What animals go through after Deepvali

Animal trauma does not end with Deepavali; their sufferings are often invisible and prolonged. Here is what to watch out for and how to help

The string lights have been taken down, the earthen lamps are back in their cupboards, and crackers have stopped disrupting quiet nights (for the most part). Deepavali is over, but some signs of it still linger — like the happy memories you built over ghee-laden sweets and card games. Or more importantly, the invisible damage most stray and pet animals in your neighbourhood are still suffering.

Obvious injuries, burns and scars are visible and treatable. On the other hand, if the playful puppers on your street seem to be scampering about a bit less and crouching in corners a bit more this week, they are probably still under trauma caused by explosions too loud for us humans to even hear. As Dr Priyadarshini Govind, a city-based veterinary doctor, explains, “Often, because they [animals]are able to hear frequencies higher and lower than the average human, they are more sensitive to the various degrees of sounds that happen during these festivities.” She gives the example of infrasonic whistles used to train dogs to make her point, and adds, “The trauma in these cases is mostly mental and emotional because of their inability to perceive the reason for the noises around them.”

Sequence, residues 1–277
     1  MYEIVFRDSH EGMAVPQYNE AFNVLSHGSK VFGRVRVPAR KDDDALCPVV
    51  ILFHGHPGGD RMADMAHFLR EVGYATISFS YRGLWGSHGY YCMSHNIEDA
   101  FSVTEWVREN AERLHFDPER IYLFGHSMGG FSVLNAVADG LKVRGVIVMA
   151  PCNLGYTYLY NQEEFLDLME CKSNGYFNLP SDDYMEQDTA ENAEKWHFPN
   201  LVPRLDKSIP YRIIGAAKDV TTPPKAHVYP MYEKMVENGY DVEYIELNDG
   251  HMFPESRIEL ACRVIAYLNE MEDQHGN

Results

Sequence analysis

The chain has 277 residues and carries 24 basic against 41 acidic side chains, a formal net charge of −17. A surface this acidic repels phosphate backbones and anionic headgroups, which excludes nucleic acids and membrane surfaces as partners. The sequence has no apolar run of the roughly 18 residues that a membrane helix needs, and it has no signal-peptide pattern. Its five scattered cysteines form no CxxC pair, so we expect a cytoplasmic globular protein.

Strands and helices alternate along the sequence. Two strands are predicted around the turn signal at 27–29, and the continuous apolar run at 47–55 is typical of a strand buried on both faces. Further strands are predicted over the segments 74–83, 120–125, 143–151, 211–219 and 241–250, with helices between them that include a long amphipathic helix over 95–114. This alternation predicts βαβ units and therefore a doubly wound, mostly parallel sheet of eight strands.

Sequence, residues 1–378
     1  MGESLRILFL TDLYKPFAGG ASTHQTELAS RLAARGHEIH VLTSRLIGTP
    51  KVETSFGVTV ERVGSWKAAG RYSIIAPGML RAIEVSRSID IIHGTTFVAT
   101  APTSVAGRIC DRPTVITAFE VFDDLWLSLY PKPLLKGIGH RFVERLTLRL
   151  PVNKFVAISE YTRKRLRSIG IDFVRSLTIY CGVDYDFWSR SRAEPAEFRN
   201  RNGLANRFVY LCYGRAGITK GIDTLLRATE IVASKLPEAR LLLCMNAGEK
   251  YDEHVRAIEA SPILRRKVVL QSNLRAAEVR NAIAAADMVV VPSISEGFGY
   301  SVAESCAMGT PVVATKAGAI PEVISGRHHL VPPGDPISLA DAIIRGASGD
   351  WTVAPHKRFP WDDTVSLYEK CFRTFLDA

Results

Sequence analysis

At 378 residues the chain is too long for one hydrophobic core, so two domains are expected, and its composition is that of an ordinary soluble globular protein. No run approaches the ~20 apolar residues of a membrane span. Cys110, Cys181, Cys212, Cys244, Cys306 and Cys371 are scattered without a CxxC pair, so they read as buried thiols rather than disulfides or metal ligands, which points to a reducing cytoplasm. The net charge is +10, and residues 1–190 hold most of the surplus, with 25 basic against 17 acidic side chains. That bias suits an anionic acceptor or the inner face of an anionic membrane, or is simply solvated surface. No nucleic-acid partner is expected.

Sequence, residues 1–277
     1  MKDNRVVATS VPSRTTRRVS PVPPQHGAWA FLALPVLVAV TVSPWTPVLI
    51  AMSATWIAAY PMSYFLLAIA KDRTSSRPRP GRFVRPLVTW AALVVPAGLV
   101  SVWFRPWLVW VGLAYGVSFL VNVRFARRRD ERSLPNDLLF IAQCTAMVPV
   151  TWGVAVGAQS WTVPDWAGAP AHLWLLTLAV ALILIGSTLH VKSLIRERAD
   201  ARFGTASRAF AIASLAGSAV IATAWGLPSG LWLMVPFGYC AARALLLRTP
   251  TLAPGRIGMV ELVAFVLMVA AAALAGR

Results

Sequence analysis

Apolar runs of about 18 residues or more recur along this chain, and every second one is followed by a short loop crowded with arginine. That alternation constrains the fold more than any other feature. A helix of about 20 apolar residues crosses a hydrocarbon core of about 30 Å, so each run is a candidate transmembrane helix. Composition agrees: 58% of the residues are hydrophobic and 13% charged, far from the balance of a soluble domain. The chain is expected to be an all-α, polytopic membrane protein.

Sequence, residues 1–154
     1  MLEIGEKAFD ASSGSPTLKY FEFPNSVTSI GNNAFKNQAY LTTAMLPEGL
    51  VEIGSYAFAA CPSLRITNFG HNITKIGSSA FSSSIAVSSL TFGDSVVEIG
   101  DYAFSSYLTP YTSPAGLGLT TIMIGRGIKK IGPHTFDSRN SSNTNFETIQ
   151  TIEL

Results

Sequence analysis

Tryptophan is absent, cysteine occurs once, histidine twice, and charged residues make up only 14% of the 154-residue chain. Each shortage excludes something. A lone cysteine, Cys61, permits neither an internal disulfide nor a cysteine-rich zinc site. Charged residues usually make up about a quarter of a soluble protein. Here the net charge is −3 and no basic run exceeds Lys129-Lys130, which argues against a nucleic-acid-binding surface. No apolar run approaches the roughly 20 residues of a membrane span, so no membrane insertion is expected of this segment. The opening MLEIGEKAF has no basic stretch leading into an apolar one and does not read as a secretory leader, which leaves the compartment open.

There are some behavioural changes you can watch out for to see if the animals around you are okay. “Reclusiveness, loss of appetite, extreme fear and in some cases even episodes of seizures,” lists Dr Govind. Veterinarian Dr Lakshmikripa elaborates, “Behavioural changes can also include an increase in aggressiveness. This causes more problems, because when a dog suddenly turns aggressive, people usually assume it to be because of rabies or another disease, and instead of helping the animal they either put it down or drive it out.” Exposure to smoke can also cause “continued breathlessness,” she says: if a dog is panting for a prolonged time without having run around, or even in the absence of loud noises that day, take it to a vet for a checkup. “Smoke can cause respiratory issues or even internal burns in some cases. A vet will be able to help,” she says.

For cats, informs Dr Lakshmikripa, the signs are somewhat different. “Cats hide themselves better than dogs, so it is harder to see how they are faring,” she says, “If a cat is not moving much and exploring much less than it usually does, or not showing interest in food, or not grooming itself, it is probably in trauma.” A bedraggled cat is clearly an unwell cat.

Once you do spot these signs, what can you do? Dr Govind explains a specific anxiety wrap technique that can help dogs feel more comforted — take a rectangular cloth and start by covering the chest area, right below the animal’s neck; then bring the ends over it back, and cross it over; bring it down to below its stomach, nearer the tail; cross the ends again and bring them up, tying it at the end of its back. Do not try this with an anxious stray who is not comfortable with your touch, at least wait for it to calm down and see if it is friendly towards you.

Beyond that, both vets state that the best thing to do is let animals take shelter in your building or garage for a while, and make sure that they know they are in a safe space. “Giving them food and water and most importantly, shelter,” Dr Govind recommends. “They will move away eventually on their own,” she says, but till then, the least we can do is let them feel safe.

Below is the anxiety wrap technique that Dr. Govind recommends.


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Printable version | Feb 26, 2020 9:20:32 AM |

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